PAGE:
Today, life expectancy has almost doubled to 68. Literacy is more than 90 per cent. Infant mortality is 2.4 per cent. Per capita income has exploded to $1500. The population of Tibet has increased from 1 million to 2.8 million, which remains 92 per cent ethnic Tibetan. All the while Tibet has remained a palpably Buddhist society.

None of this happened because of Tibetan self-rule, but because Beijing opened a multibillion-dollar funnel into the Tibetan economy which continues to provide more than 90 per cent of Tibet's income. Romanticism and self-reliance had nothing to do with this transformation.

Nor is Tibetan culture easily decoupled from China. The majority of ethnic Tibetans living in China live outside Tibet.

Context is everything. During the past 30 years, China has been evolving at cultural light-speed. It has packed more than a century of social and economic evolution into a single generation. China is attempting to transform an abiding tradition of absolutism within two generations.

Boycotting the Olympics over Tibet, which represents just 0.2 per cent of China's population, would do more harm than help to this transformation. Besides, Olympic boycotts have a proven record of futility.

Few Australians even know that the 1956 Games in Melbourne was boycotted by Spain, the Netherlands and Switzerland over the Soviet invasion of Hungary, and by Egypt, Lebanon, Iraq and Cambodia over the occupation of the Suez Canal by Britain and France. In 1976, 21 African nations boycotted the Montreal Olympics because New Zealand had not been banned for playing rugby union against South Africa. In 1980 the United States and some allies boycotted the Moscow Games over the Soviet invasion of Afghanistan. In 1984 the Soviet bloc boycotted the Los Angeles Olympics in retaliation for the 1980 boycott.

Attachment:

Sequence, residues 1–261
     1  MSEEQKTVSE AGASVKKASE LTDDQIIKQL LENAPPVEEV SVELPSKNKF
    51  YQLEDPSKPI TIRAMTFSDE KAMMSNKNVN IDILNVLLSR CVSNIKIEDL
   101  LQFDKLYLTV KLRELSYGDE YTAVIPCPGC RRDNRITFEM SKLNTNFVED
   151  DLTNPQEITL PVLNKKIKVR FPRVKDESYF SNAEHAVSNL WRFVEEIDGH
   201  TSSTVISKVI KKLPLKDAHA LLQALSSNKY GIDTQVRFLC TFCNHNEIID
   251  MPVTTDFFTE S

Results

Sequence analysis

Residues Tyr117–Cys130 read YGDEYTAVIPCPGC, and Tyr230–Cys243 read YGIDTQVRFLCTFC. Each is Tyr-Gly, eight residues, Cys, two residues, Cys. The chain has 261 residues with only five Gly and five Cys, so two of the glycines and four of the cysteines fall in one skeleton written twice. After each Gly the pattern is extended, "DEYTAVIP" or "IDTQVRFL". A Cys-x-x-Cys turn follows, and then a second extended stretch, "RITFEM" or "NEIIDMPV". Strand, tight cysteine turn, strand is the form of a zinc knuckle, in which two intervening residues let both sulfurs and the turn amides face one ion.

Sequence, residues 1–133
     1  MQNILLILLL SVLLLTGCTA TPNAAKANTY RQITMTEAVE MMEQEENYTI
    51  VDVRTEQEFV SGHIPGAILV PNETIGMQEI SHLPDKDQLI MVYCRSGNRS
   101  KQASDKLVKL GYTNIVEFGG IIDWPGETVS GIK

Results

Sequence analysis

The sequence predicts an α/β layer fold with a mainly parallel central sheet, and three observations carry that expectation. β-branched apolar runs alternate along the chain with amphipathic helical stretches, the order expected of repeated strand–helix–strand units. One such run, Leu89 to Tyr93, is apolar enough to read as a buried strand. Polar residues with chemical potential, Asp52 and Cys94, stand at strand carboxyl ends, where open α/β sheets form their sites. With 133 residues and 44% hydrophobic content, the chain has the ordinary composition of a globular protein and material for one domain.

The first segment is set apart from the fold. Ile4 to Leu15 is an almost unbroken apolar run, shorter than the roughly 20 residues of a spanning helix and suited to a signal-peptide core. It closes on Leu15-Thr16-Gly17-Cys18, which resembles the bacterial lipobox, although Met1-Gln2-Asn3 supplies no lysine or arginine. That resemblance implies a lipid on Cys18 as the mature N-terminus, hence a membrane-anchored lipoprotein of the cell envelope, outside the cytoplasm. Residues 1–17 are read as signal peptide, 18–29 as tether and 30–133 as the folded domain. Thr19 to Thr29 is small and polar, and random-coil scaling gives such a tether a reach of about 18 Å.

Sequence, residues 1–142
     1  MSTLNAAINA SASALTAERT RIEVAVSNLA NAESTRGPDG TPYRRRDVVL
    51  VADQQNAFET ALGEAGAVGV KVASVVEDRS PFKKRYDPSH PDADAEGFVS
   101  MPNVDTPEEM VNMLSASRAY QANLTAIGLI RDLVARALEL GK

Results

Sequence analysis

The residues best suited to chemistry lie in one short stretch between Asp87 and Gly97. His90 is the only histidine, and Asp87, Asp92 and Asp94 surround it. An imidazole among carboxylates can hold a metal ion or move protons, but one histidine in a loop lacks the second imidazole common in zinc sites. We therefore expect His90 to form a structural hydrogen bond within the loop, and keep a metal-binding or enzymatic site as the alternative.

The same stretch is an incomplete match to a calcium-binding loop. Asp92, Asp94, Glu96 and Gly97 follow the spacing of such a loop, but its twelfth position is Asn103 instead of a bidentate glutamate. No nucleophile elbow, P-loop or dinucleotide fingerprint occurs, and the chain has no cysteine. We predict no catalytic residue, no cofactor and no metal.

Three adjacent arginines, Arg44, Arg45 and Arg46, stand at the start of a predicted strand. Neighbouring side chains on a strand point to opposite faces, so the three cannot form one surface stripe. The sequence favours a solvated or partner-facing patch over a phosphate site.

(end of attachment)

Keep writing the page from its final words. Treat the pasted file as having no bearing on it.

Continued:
None was effective. None achieved more than transient symbolism. To throw the 2008 Olympics into chaos over Tibet would thus be overkill, disproportionate and counterproductive, in support of a dubious moral argument.

The recent demonstrations in support of Tibetan independence have been a carefully co-ordinated boutique public relations operation rather than an outbreak of mass demonstrations.

Video records of demonstrations in Tibet show an ugly, racist side to the unrest as ethnic Tibetans (but not monks) kicked, beat and stabbed Han Chinese, along with the ransacking and looting of Han-owned businesses. The Government had no choice but to intervene with force.

China has a long history of civil war. For more than a millennium, it has lived under a sequence of dictatorships, absolute monarchies and uncompromising feudalism. To move so vast a culture so quickly has required the Government to retain a firm grip on the centrifugal forces that could tear the country asunder.

The idea that China can simply jump from ingrained feudalism to a plural democracy in a single generation cannot coexist with the real world.